By Brian Rizman
The only constant in compliance and security is change. What happens when your colleagues—whether they are senior executives at the top of the foodchain or knowledge workers below—resist the change needed for compliance across various industries and geographies?
The tactics to encourage the necessary changes are different across different types of companies, but there are a few tactics that work across verticals. Every stakeholder needs to understand that a lack of compliance will hurt their areas directly, so it’s not solely a mandate for a mandate’s sake. This means that constant education and championing—I’m hesitant to say evangelizing, but if ever there was a need for evangelizing, it would be in compliance and security—needs to happen.
The insistence of proper compliance efforts must start with the CEO making such compliance a top-down mandated agenda item. That insistence must come with critical funding and not be merely words. Nothing gets executives’ attention focused as effectively as new dollars coming from the CEO.
One of the ongoing problems with maintaining compliance is that for far too many workers, compliance is an amorphous concept that is absolutely removed from their day-to-day business considerations. Companies need to consistently point out instances of other companies—ideally in their vertical—that are suffering concrete penalties because they didn’t spend enough time focusing on compliance issues.
It’s a time-honored technique. How does one get taxpayers to pay all of their taxes? By shouting and screaming every time a taxpayer is charged with non-payment and imprisoned. How does a company get employees to abide by their in-house rules? By letting it be widely known when someone gets fired for not complying. Repeated credible anecdotes about the pain related companies are suffering due to non-compliance is a fine way to get people to comply.
Through education and training, employees must internalize the compliance applicability to their own jobs and tasks. In short, compliance has to become real for them. This means incorporating compliance efforts into employee performance objectives. Compliance must be prominently referenced in the HR documents detailing what that employee must accomplish to earn their bonuses.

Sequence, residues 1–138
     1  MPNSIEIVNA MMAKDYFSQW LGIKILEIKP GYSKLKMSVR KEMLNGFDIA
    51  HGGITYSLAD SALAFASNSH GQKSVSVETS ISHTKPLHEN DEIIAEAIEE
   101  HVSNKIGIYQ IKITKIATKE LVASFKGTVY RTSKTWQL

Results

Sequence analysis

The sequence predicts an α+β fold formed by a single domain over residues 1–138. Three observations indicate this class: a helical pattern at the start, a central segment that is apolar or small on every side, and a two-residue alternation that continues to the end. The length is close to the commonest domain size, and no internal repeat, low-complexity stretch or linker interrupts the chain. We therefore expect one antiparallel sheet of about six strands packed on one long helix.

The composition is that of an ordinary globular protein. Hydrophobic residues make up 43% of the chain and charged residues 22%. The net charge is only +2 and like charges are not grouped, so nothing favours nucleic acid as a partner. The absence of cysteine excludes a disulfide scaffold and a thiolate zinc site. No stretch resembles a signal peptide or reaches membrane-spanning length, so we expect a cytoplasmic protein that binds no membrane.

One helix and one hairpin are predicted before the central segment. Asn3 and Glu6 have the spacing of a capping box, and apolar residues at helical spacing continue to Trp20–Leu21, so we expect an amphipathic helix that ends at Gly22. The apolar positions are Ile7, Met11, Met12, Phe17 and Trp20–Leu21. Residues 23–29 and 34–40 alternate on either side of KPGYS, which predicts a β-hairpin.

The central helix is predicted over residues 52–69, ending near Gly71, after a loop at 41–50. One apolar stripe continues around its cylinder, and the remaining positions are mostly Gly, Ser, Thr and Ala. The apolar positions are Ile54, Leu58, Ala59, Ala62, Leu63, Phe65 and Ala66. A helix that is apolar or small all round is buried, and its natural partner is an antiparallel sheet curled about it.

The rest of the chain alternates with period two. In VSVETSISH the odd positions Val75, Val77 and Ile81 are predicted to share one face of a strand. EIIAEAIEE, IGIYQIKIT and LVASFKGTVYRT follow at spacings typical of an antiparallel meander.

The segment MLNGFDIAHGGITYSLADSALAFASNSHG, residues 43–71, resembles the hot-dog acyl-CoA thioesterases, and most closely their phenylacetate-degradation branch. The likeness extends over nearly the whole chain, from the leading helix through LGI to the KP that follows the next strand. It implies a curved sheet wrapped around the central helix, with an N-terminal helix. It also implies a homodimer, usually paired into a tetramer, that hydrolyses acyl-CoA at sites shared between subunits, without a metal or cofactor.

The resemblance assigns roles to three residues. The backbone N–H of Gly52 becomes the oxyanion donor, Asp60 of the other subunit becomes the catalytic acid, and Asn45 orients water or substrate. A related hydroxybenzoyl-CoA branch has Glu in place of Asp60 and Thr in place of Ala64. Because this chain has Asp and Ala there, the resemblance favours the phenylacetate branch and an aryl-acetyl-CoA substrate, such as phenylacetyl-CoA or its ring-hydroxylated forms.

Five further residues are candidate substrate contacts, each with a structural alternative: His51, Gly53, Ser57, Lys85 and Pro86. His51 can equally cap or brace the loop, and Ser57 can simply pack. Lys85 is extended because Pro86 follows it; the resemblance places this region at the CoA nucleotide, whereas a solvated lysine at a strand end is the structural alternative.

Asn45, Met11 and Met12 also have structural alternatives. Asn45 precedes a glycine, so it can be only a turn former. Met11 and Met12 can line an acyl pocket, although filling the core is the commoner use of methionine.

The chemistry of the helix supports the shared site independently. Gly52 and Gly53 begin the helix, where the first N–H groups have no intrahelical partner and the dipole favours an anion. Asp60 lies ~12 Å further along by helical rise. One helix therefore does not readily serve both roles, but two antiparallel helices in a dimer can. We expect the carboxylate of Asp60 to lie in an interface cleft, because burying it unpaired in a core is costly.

Another consideration is finding someone already in the organization who embraces compliance issues and who is well-respected among peers, someone who can act as a champion or cheerleader. This person might not need to really understand compliance issues, but they do need to be a recognized and respected change agent for the organization.
The operative word there is “respected.” This needs to be someone that other employees look up to as someone who understands the business. This change agent champion/cheerleader might have successfully implemented something, made impressive progress, delivered a project ahead of schedule and/or with better metrics than expected, etc.
The idea is that if you get that kind of an individual on board, that person’s support of the compliance effort will make is far easier to get others to cooperate. If this individual is in an official leadership role, that’s great—and quite helpful—but sometimes the best and most influential leaders are found deep within the ranks. It’s someone who has the respect of others in the workforce, which doesn’t by any means require an official management role.
It’s also critical to make sure that people and processes are firmly in place—properly funded and trained—before technology investments are explored. Technology won’t help much without people and the proper mindsets. This is a journey that isn’t going to happen overnight. Expectations must be set properly.